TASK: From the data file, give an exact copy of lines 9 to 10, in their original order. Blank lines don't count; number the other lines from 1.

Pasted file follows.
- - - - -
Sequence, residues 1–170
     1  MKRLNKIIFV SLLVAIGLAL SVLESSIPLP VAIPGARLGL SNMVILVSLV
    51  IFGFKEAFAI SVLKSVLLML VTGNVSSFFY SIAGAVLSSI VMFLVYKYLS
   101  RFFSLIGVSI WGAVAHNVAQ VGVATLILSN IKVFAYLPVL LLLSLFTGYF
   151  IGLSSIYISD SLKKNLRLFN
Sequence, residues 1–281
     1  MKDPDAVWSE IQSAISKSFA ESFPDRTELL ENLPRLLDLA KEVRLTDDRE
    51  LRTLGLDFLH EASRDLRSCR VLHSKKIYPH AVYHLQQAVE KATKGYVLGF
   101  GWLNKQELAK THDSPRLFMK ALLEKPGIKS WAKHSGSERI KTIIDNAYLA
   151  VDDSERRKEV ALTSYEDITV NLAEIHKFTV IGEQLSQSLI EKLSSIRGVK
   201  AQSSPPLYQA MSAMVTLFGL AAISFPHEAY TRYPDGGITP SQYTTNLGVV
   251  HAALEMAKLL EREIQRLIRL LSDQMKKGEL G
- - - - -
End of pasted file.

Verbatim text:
   101  GWLNKQELAK THDSPRLFMK ALLEKPGIKS WAKHSGSERI KTIIDNAYLA
   151  VDDSERRKEV ALTSYEDITV NLAEIHKFTV IGEQLSQSLI EKLSSIRGVK